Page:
Foreign Ministry spokesperson Wang Wenbin said the law aimed to “resolutely safeguard national sovereignty, dignity and core interests and oppose Western hegemonism and power politics.” and to “provide legal support and guarantees for the country to counter discriminatory measures by a foreign country in accordance with the law.”
Wang lashed out over calls from Defense Secretary Lloyd Austin for greater attention to China’s growing military power, accusing Washington of “playing the China card” as a pretext for increasing U.S. military spending and seeking to “contain China.”
He also protested Japanese Prime Minister Prime Minister Yoshihide Suga’s reference to Taiwan as a country during a parliamentary debate Wednesday. China considers the self-governing island democracy as its own territory and is quick to chastise anyone or any company that refers to it as a country.
Suga made a passing reference to Taiwan, New Zealand and Australia while answering a question about pandemic measures, and then referred to them as “three countries.”
Wang said the comment violated Japan’s “solemn promise to not regard Taiwan as a country.”
“We strongly deplore Japan’s erroneous remarks and have lodged solemn complaints with Japan, demanding that Japan immediately make clear clarifications to eliminate the adverse effects caused by relevant remarks, and to ensure that such situations will not happen again,” Wang said.
Republican Wins Mayoralty Race In Hispanic-majority Border Town
McAllen is a border town in Texas that has been carrying much of the brunt of the massive immigration in the south, illegal or otherwise. Sitting in the Rio Grande Valley, McAllen has a population of almost 142,000 and about 85% of its constituents are of Hispanic descent.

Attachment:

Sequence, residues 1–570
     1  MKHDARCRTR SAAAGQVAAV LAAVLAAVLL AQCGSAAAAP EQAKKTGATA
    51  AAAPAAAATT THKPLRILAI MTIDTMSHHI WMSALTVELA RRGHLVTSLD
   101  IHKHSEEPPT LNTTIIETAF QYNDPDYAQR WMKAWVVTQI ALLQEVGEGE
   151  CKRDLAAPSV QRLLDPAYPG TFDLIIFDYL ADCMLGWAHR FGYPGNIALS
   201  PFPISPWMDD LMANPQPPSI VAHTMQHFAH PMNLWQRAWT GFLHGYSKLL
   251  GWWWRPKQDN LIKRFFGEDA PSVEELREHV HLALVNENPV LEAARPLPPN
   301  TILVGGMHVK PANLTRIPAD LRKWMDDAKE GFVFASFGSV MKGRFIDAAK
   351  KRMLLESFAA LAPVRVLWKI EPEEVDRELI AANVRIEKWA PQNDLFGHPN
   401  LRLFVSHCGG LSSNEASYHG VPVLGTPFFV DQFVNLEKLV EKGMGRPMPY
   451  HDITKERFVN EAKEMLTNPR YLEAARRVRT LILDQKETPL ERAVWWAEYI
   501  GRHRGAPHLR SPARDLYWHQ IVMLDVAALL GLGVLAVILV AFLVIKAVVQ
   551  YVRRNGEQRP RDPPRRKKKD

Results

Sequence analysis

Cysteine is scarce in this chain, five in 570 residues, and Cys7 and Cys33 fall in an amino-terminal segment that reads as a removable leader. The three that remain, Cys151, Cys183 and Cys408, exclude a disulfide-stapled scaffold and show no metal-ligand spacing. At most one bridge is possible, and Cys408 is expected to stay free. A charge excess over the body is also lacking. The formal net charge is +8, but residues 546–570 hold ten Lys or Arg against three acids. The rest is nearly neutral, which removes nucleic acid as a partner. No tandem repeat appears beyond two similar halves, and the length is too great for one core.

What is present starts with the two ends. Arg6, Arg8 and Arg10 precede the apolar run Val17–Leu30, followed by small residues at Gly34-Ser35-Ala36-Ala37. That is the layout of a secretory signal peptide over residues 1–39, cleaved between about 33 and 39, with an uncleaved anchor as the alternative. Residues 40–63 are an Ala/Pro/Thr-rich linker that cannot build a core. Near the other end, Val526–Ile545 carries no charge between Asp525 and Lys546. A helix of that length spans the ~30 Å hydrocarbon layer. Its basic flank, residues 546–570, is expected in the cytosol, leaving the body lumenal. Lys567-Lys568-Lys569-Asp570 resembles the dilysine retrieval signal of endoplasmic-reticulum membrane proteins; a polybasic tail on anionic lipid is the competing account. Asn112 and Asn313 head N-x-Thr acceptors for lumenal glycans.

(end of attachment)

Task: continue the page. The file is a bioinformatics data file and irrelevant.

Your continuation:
Recently, the Republicans clinched a breakthrough victory in McAllen when Javier Villalobos bagged the mayoralty crown against Veronica Whitacre. The GOP candidate is a replacement for long-time mayor Jim Darling, who decided last year that he will not seek reelection.
“Amazing news! McAllen, Texas is a major border town of 140,000 people. 85% Hispanic – and just elected a Republican mayor. The macro realignment accelerates in South Texas, and elsewhere, as Hispanics rally to America First,” Trump 2020 campaign adviser Steve Cortes said on twitter.
“Javier Villalobos is a proven leader who cares deeply about the people of the Rio Grande Valley. Congratulations on becoming the next Mayor of McAllen!” Texas Gov. and fellow-Republican Greg Abbott posted on social media.
RNC spokesman Nathan Brand also expressed his thoughts on Villalobos’ victory, saying that it was a “BIG win for Republicans tonight in a border community. Biden’s border crisis has real world ramifications for communities across the country, especially in cities like McAllen.”
Villalobos is McAllen city district 1 commissioner and a practicing lawyer for the past 25 years. Even though he grew up in Crystal City, Villalobos have always felt comfortable with the border town for their similarities.
“The majority [was] Hispanic people, and it was an agricultural community, kind of like it used to be back in the old days here with that type of labor. When I came over here I felt right at home. You know, the people were wonderful,” Villalobos stated in an interview before the election.
Being situated in the southernmost tip of Texas makes McAllen the shortest route for Central Americans. The uncontrollable migration under the Biden administration has put a lot of pressure on its people who are doing their best to adjust to the situation and even provide humanitarian aid to those who are entering American soil. Having a leader who will understand their problems and will not opt to defund the police where security is so much needed, is indeed a huge step to the direction of progress, for the people of McAllen.
“Let me start by thanking the voters, my team, my family [and] everyone who helped run this campaign. Thank you McAllen for trusting [and] believing in me. I promise to not let you down,” Villalobos thanked everyone through his facebook page.